WASHINGTON, USA — For the third time since Hurricane Maria devastated Puerto Rico and the US Virgin Islands, the Federal Housing Administration (FHA) has announced that the agency is extending its foreclosure moratorium to borrowers with FHA-insured mortgages. This extended foreclosure moratorium is being provided for an additional 90 days due to continuing needs in these hard-hit territories.
To ensure this moratorium is implemented, HUD is instructing FHA-approved mortgage servicers to suspend all foreclosure actions against eligible FHA borrowers in these Presidentially Declared Major Disaster Areas until August 16, 2018. Read FHA’s directive to lenders, servicers and housing counseling agencies. Read FHA’s letter to mortgage servicers.
FHA borrowers may qualify for this relief if they meet the following conditions:
• They live within the geographic boundaries of a presidentially declared disaster area impacted by Hurricane Maria;
• Their ability to make mortgage payments is directly or substantially affected by a disaster;
• Their mortgage was no more than 60-days past due prior to the date of the presidentially declared major disaster; and
• They have not already been approved for a forbearance or other loss mitigation option(s).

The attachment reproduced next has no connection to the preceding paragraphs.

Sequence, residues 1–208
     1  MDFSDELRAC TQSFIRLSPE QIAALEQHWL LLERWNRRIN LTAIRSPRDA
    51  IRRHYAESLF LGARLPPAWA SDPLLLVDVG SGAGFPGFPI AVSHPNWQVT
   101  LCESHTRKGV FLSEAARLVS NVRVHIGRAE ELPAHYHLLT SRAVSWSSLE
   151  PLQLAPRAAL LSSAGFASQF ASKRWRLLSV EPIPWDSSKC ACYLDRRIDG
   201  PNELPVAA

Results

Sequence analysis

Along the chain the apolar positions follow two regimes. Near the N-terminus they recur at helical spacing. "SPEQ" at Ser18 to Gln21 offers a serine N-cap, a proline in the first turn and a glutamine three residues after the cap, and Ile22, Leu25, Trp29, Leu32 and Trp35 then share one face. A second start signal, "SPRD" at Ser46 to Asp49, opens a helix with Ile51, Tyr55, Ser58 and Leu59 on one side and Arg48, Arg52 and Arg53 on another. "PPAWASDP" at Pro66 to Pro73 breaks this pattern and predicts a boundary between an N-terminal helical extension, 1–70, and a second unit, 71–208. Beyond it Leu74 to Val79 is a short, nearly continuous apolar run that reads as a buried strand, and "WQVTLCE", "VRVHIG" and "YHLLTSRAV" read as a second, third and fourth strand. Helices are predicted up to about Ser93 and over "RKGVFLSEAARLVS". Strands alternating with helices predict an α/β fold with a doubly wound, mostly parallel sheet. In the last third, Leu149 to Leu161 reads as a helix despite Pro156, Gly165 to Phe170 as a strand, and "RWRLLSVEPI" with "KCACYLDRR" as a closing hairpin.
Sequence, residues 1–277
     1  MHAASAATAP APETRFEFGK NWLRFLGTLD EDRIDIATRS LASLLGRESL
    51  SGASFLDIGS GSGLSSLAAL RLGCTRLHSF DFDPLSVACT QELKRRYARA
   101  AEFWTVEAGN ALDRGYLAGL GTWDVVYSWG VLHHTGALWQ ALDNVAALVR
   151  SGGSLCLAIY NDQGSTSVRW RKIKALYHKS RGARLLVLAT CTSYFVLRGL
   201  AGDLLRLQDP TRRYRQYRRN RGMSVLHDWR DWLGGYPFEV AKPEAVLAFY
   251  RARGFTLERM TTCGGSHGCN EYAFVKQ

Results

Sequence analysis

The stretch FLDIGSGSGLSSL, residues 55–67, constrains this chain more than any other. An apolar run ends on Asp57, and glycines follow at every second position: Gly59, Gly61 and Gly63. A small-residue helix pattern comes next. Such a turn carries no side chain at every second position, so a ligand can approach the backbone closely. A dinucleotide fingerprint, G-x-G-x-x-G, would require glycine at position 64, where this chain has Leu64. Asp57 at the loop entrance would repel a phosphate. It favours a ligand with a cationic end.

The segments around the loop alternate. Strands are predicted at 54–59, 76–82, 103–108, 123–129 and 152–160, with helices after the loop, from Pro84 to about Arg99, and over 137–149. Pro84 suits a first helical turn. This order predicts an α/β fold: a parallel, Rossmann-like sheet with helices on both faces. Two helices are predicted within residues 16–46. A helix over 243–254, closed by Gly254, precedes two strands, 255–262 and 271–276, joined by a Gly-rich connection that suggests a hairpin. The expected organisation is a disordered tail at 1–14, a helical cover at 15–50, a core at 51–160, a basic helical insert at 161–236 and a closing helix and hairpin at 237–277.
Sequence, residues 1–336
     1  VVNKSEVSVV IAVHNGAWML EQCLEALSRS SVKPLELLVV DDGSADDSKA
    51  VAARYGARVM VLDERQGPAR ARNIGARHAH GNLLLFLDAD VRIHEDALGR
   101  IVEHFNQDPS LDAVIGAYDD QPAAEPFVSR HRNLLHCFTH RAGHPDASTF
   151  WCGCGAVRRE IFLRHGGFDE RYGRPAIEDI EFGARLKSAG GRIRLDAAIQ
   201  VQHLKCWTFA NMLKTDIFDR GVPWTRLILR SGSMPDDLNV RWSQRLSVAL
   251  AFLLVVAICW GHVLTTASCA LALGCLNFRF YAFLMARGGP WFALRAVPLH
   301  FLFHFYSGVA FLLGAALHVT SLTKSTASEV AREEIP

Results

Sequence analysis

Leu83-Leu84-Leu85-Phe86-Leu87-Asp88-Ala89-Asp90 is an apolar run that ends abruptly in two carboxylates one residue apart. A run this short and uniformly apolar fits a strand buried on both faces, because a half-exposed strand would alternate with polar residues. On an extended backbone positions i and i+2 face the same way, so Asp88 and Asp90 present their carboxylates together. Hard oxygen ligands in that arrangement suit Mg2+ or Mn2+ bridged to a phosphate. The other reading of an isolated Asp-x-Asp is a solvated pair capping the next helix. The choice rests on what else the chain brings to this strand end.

Earlier this year, FHA introduced a new option to help struggling borrowers impacted by Hurricane Maria and other 2017 disasters to resume their pre-disaster mortgage payments without payment shock. FHA’s new “Disaster Standalone Partial Claim” covers up to 12-months of missed mortgage payments via an interest-free second loan on the mortgage, payable only when the borrower sells the home or refinances their mortgage. In addition, this new option requires no trial period or balloon payment and allows borrowers to keep their existing low-interest rate. FHA’s expanded loss mitigation will also streamline income documentation and other requirements to expedite relief to homeowners struggling to pay their mortgage while recovering from last year’s disasters.
FHA also has several other options to help disaster victims recover, including:
• Forbearance and loan modification options – HUD offers different forbearance and loan modification options for FHA borrowers affected by disasters. Borrowers having trouble making regular payments should contact their loan servicer as soon as possible for more information;
• FHA-insured Mortgage for Disaster Victims – HUD’s Section 203(h) program provides an FHA insured mortgage loan to disaster victims who have lost their homes and are facing the daunting task of rebuilding or buying another home. Borrowers must work with a participating FHA-approved lender in order to be considered for 100 percent financing, including closing costs; and
• FHA-insured Mortgage for home rehabilitation – HUD’s Section 203(k) loan program enables those who have lost their homes to refinance a home or finance the purchase of a home along with its repair costs by using a single mortgage.
Lastly, FHA shares information with FEMA and affected states on housing providers that may have available units in disaster-impacted counties. Some available units may be provided by HUD funded or subsidized Public Housing Agencies or Multi-Family owners. The Department will also connect FEMA and affected s states to subject matter experts to provide information on HUD programs.